Master chef Charles Finney keeps his cooking demonstrations simple and keeps them healthy. From the time he lit a portable burner to the serving of his finished dish, Finney easily walked about 40 people through a recipe for cashew chicken Wednesday as part of a healthy cooking education venture called Chef-n-Action. The idea of Chef-n-Action is healthy food for healthy people through healthy cooking.

Master chef Charles Finney keeps his cooking demonstrations simple and keeps them healthy.

From the time he lit a portable burner to the serving of his finished dish, Finney easily walked about 40 people through a recipe for cashew chicken Wednesday as part of a healthy cooking education venture called Chef-n-Action.

The idea of Chef-n-Action is healthy food for healthy people through healthy cooking — not just for seniors but for anyone who wants to eat healthy despite being pressed for time, said Marilyn Palazzo, co-owner of East Bank Center, which hosted the demonstration, and HomeBridge Rehabilitation Center in Belvidere.

Palazzo and Finney, corporate chef for both facilities, began offering the cooking classes in June and had presented seven other classes before Wednesday’s demonstration.

“We use all fresh vegetables, nothing frozen,” said Finney, who also has done live cooking classes at private homes and farmers’ markets during his 25 years as a professional chef. “We try to stay with mild sugars, and we will use all natural ingredients. We’ll use raw sugar, natural cane sugar or honey instead of refined sugars.

“That’s pretty much it. We keep it fresh, low-fat and low-sodium. If I do use salt in a recipe, I’ll use sea salt or kosher salt because they’re better salts, they have less sodium.”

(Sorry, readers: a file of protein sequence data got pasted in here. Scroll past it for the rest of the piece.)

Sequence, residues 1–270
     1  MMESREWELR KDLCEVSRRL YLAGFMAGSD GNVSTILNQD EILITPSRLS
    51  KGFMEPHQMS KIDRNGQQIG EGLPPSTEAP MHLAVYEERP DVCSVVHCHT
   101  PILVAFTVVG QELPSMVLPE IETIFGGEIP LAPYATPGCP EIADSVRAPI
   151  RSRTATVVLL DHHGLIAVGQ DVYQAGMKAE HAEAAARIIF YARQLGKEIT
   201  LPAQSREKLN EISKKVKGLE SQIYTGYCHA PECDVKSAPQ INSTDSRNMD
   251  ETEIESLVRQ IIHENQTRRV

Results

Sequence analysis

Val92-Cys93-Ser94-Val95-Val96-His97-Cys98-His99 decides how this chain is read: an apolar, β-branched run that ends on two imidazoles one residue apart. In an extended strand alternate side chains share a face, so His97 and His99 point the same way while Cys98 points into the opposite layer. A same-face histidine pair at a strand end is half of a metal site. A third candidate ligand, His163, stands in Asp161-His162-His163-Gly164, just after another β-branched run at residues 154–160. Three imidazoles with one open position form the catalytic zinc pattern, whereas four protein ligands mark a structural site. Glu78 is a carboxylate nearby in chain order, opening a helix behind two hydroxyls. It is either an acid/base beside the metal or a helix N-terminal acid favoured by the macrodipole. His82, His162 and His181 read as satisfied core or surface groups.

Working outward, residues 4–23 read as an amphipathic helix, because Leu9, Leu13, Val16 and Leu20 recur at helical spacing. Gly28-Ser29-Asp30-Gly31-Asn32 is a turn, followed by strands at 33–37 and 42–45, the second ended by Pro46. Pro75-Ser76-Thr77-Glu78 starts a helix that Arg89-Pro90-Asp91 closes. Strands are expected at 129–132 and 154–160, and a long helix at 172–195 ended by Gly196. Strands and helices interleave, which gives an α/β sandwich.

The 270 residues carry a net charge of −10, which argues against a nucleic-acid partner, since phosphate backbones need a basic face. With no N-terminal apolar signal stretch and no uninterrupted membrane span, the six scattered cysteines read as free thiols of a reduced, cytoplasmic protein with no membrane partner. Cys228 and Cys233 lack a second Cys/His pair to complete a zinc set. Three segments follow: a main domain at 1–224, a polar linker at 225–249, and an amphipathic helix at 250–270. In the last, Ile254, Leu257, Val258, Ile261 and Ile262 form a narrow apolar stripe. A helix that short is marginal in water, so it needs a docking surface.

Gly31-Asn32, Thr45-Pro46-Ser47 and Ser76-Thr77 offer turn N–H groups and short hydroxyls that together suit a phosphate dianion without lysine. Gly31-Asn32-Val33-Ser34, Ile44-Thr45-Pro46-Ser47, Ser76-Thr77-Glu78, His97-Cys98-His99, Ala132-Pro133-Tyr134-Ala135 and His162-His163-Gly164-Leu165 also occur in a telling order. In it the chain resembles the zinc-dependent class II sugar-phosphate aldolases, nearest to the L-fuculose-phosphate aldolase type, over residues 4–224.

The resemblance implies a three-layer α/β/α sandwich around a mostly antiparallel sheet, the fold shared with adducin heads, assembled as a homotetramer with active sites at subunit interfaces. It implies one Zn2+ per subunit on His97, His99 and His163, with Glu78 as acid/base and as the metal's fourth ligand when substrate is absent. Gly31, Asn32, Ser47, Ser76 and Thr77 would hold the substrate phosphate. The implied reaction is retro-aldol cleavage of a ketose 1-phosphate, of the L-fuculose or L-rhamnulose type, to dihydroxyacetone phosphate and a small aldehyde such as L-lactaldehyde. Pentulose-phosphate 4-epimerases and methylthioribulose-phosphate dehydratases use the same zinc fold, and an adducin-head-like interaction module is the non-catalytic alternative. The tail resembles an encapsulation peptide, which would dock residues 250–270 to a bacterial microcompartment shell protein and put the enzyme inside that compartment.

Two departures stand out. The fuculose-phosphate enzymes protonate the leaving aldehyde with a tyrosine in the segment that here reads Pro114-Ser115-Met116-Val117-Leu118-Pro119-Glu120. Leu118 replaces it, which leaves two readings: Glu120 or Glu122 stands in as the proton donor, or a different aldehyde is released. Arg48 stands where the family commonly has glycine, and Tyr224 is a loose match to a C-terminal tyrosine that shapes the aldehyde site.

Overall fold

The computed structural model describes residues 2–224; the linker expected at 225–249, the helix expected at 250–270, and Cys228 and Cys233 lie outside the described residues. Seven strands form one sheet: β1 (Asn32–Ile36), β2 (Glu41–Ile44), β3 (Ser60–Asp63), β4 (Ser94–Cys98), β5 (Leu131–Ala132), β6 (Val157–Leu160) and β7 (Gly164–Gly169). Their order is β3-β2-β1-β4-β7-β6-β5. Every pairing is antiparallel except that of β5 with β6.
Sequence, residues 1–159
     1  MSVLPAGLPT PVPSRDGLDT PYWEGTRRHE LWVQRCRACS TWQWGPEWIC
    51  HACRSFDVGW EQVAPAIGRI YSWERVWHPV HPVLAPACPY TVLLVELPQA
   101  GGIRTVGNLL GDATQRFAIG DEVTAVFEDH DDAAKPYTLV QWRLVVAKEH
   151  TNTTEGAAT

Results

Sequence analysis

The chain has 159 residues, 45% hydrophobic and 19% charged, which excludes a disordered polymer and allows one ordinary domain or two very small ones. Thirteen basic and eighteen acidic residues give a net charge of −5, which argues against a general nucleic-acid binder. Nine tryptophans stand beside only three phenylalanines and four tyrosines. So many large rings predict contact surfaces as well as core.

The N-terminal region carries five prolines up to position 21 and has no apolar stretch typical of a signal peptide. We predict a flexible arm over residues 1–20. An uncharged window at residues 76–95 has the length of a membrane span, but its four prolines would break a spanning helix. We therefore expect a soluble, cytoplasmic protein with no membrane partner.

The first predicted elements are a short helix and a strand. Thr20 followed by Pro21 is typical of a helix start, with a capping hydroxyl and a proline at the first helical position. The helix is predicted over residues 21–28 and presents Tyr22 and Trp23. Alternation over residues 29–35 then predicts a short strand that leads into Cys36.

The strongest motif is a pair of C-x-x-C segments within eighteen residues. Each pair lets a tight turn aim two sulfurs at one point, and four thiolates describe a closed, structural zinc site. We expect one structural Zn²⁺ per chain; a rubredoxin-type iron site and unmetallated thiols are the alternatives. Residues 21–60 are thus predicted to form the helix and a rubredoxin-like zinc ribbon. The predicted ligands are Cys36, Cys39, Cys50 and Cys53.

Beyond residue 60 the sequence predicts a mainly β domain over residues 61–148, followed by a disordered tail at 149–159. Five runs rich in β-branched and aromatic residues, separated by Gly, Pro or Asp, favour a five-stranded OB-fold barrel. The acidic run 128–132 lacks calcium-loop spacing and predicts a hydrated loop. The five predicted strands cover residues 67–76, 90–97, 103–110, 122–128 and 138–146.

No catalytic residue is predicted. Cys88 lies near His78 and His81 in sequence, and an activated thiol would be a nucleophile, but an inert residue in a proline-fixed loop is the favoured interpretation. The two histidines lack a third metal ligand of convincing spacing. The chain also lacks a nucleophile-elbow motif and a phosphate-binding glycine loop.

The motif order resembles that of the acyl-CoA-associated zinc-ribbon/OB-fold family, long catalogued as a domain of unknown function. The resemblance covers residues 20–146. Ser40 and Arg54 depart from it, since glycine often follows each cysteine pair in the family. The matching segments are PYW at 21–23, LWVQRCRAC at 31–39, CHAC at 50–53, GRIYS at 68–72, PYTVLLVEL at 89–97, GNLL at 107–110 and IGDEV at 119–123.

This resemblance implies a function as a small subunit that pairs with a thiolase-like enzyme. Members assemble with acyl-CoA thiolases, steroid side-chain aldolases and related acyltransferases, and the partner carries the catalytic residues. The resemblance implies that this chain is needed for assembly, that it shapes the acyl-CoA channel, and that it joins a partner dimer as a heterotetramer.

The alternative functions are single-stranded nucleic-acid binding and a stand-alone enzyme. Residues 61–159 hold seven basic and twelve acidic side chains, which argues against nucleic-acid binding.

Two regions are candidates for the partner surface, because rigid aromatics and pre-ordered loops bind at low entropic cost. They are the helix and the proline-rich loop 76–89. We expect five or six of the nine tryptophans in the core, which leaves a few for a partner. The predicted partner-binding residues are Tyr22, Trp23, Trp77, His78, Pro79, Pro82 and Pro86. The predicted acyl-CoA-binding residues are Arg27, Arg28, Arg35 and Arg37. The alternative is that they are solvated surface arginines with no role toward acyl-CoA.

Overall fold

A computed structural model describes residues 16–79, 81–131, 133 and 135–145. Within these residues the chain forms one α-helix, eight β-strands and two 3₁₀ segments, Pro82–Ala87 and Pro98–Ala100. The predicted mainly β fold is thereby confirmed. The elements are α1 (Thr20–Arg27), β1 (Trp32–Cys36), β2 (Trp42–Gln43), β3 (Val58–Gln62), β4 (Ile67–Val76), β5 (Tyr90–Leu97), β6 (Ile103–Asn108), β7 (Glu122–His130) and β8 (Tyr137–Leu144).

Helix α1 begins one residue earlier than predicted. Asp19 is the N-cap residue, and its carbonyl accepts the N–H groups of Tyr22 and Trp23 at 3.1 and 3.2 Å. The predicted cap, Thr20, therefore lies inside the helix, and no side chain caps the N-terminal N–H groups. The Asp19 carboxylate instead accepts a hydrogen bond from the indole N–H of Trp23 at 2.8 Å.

The presentations are free, and reservations may be booked by calling Palazzo at (815) 582-0306 or (815) 633-6810. Future classes at the East Bank Center are planned for the fourth Wednesday of each month.

“I think it’s very important for us to eat healthy to stay healthy,” Palazzo said, “so this program is not just for seniors but also for busy younger people. You don’t need two hours or four hours to prepare a healthy meal. The idea is an easy 1-2-3 steps to make a healthy meal.”

Finney said his recipe repertoire is unlimited “because if I have a recipe that I don’t like they way it is, I’ll change it to fit our needs.”

Finney also provides a copy of the recipe for each demonstration for everyone in the audience, and the recipe is written for a single serving. He said he breaks the recipe down to a single serving to emphasize simplicity and because many of the people in the classes are seniors who are cooking for one.

Mike DeDoncker can be reached at (815) 987-1382 or mdedoncker@rrstar.com.

Cashew chicken

Ingredients
2 ozs. boneless chicken, cut into 1-inch strips
1/8 cup orange juice
1/16 cup light soy sauce
1/16 cup honey
1/8 tablespoon corn starch
1/8 teaspoon ground ginger
1/8 teaspoon garlic powder
1/16 teaspoon pepper
1/3 tablespoon vegetable oil
2-3 green onions, cut up
1-2 large carrots, cleaned and sliced
1-3 celery stalks, sliced
1/8 cup cashews
Hot cooked rice

Method
Combine juice, soy sauce, honey, corn starch and seasonings to make a sauce. Heat oil in pan until it begins to smoke, and stir-fry vegetables for several minutes until the onions become fragrant. Remove from pan and set aside. Add oil to pan and stir-fry chicken until browned and tender. Return cooked vegetables to pan, add cashews and sauce mix. Continue cooking until sauce bubbles and thickens. Serve over rice.

Makes one serving.

Per serving: 357 calories; 16g fat (40.1 percent calories from fat); 23g protein; 33g carbohydrate; 3g dietary fiber; 44 mg cholesterol 1,110 mg sodium.